People to Congress: Do your job or we’ll sue

“It’s good to be king!” is an oft-quoted line from Mel Brooks’ “History of the World, Part I.” In America, every man is supposed to be king, every woman queen, and members of Congress are supposed to be our servants. We sometimes forget that last part. Three people in Orlando have not.

On Aug. 15, Charles Klein, Sally Baptiste and Theresa Kajkowski filed a lawsuit in Florida’s Middle District Federal Court. Nothing unusual in that — lawsuits are filed every day, especially in litigation-prone America. What’s unusual is that the plaintiffs name the entire membership of the U.S. House and Senate as defendants.

Their cause of action accuses Congress of breaching its fiduciary duty by failing to pass a budget in over three years. They’re asking that the revenue be returned to the Treasury until a budget is prepared and approved.

The plaintiffs filed suit without benefit of counsel. When reached for comment, Klein, 77, said he would welcome a lawyer to represent him and his co-plaintiffs, so long as he or she agrees to do so on a pro bono basis. Is there anyone out there willing to accept the challenge?

The plaintiffs are all retired members of their local tea party and upset about the direction our country has taken in recent years. Klein didn’t lay all the blame on the current administration — he felt that there was plenty of blame that could be laid at the feet of both parties.

Klein said the country needs fewer politicians and more statesmen, quoting theologian and author James Freeman Clarke for emphasis: “A politician thinks of the next election. A statesman, of the next generation.”

I then asked why he and his friends were willing to accept the David role to the federal government’s Goliath, Klein said someone had to do it. In his opinion, the only way to fix the nation’s ills is to return to its roots.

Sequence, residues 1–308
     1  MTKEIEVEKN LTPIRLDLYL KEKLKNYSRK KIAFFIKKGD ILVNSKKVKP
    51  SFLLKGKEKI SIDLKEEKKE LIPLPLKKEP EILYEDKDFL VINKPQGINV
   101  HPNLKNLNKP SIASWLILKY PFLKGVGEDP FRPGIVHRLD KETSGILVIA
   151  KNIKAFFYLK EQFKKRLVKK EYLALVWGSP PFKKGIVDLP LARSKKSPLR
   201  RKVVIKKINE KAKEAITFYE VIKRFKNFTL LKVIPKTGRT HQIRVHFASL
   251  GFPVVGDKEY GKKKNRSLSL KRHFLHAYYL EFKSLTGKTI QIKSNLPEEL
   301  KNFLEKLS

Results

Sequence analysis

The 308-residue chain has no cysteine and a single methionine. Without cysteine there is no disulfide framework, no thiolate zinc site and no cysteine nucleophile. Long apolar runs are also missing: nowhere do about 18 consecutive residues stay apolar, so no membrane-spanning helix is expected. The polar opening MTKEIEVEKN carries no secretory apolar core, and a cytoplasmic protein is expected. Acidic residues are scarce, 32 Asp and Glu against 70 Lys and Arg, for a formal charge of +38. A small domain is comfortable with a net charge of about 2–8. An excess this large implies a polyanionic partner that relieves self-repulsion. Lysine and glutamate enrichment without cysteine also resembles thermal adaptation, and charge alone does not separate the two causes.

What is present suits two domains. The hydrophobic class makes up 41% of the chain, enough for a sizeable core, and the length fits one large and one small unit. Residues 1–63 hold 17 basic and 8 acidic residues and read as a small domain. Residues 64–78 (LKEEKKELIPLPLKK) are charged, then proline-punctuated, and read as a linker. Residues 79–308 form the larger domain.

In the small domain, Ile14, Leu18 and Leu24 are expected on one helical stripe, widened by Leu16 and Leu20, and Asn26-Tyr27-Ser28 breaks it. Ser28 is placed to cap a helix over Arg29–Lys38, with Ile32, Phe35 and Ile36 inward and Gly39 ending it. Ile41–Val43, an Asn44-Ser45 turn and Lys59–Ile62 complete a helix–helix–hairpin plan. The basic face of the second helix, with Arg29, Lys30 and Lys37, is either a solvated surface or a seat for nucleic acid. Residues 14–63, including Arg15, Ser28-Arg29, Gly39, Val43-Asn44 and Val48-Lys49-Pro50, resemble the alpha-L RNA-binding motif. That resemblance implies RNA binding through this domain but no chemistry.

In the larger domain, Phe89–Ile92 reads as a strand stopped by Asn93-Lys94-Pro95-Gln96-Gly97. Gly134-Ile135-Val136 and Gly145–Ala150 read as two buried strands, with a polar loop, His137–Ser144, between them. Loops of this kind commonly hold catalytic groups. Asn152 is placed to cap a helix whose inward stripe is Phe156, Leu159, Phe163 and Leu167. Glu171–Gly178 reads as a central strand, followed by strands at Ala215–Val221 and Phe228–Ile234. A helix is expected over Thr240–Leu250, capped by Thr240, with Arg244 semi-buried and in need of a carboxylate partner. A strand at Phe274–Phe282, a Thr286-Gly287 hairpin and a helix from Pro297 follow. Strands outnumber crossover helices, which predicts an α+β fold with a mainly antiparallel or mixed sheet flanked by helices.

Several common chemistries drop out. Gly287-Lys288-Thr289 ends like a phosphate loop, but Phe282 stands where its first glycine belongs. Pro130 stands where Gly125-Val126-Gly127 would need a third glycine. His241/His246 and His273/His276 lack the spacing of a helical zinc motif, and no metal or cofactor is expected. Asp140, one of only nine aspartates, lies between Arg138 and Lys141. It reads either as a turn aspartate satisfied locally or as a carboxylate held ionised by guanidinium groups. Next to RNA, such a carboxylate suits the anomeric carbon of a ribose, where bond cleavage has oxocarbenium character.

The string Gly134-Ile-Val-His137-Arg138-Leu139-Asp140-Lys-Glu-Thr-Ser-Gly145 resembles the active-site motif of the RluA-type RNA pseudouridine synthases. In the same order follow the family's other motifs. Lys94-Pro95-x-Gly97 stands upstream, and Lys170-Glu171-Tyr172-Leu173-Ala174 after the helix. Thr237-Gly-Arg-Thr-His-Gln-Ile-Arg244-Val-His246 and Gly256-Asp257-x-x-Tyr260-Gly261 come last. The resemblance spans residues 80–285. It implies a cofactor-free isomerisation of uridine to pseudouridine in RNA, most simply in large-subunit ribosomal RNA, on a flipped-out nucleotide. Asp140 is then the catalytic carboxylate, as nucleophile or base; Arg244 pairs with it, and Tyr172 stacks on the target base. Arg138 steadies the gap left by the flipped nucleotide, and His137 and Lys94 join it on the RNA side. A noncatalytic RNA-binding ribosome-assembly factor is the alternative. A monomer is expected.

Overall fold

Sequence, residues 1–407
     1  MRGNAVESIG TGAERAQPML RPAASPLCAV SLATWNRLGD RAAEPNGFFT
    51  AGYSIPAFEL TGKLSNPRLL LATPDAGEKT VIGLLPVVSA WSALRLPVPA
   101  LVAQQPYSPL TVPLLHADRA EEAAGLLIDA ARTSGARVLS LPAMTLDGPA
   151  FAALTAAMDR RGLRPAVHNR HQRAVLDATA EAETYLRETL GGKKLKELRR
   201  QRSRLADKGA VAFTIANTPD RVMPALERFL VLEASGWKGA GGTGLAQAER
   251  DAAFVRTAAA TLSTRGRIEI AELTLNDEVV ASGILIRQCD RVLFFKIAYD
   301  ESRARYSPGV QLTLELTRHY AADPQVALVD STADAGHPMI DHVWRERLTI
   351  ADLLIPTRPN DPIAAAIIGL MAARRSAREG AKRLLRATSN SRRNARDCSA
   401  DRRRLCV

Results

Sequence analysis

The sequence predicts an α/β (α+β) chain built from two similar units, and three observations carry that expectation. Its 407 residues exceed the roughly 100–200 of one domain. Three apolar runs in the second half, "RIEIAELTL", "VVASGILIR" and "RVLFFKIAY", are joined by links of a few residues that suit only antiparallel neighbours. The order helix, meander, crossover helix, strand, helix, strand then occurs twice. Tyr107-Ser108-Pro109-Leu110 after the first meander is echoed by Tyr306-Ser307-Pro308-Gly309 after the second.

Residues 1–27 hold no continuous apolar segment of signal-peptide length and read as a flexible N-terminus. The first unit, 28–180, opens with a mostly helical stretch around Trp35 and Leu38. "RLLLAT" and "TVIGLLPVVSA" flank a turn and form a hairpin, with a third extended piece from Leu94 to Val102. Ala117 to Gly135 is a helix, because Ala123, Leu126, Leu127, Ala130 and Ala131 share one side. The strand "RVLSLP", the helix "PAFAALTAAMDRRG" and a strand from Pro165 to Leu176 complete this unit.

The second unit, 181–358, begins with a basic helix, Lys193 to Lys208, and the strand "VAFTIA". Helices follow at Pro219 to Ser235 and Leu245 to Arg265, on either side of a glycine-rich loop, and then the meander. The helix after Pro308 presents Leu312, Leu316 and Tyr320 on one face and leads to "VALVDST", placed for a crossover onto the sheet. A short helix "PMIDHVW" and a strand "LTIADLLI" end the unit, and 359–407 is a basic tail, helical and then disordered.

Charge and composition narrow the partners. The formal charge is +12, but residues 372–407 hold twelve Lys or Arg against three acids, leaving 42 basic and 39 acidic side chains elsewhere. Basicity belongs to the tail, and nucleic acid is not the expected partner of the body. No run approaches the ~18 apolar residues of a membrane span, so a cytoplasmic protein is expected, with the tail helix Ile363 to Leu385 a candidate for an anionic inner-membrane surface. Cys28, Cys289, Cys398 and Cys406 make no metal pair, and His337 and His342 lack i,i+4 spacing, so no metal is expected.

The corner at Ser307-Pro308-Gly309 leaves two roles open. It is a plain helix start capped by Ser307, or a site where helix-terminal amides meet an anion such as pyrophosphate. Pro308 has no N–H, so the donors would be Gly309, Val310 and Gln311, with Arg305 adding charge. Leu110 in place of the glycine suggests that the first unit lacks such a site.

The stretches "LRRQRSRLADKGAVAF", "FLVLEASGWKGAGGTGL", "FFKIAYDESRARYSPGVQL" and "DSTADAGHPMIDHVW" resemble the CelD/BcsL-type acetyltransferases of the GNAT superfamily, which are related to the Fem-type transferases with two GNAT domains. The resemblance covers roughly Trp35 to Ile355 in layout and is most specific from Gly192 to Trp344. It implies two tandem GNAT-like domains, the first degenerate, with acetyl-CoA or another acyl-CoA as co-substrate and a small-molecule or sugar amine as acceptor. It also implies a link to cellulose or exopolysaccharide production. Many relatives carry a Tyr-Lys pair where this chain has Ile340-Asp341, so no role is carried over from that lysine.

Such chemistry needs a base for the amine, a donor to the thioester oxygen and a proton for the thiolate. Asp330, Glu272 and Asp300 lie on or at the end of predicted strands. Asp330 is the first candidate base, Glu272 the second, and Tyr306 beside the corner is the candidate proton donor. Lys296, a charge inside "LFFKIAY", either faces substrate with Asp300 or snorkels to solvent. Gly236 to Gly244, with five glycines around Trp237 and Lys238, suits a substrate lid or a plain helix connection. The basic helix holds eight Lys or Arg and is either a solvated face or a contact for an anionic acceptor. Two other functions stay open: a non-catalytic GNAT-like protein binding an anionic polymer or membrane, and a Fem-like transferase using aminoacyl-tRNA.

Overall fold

“God put 56 people [the signers of the Declaration of Independence] in America to lay the framework of a country based on honesty and integrity for the good of mankind,” Klein said. “That’s what we have to find again.”

He also said he hopes the lawsuit will encourage other concerned, freedom-loving people to join the cause.

With no prior training, the litigants will be walking into a legal minefield. Things like the rules of civil procedure, the federal rules of evidence and the law of governmental immunity are but a few of the dangers that the unwary could step into. They have one thing going for them, though: They’re mad as hell and they’re not gonna take it anymore.

Although the plaintiffs may not have great odds for success, I hope they beat those odds. It’s the American way to root for the underdog, and the world sorely needs more windmill tilters. If we didn’t have people willing to take risks, we may still be sitting around a communal fire in a cave somewhere, wondering if we should take a chance on that newfangled wheel idea.

 

 

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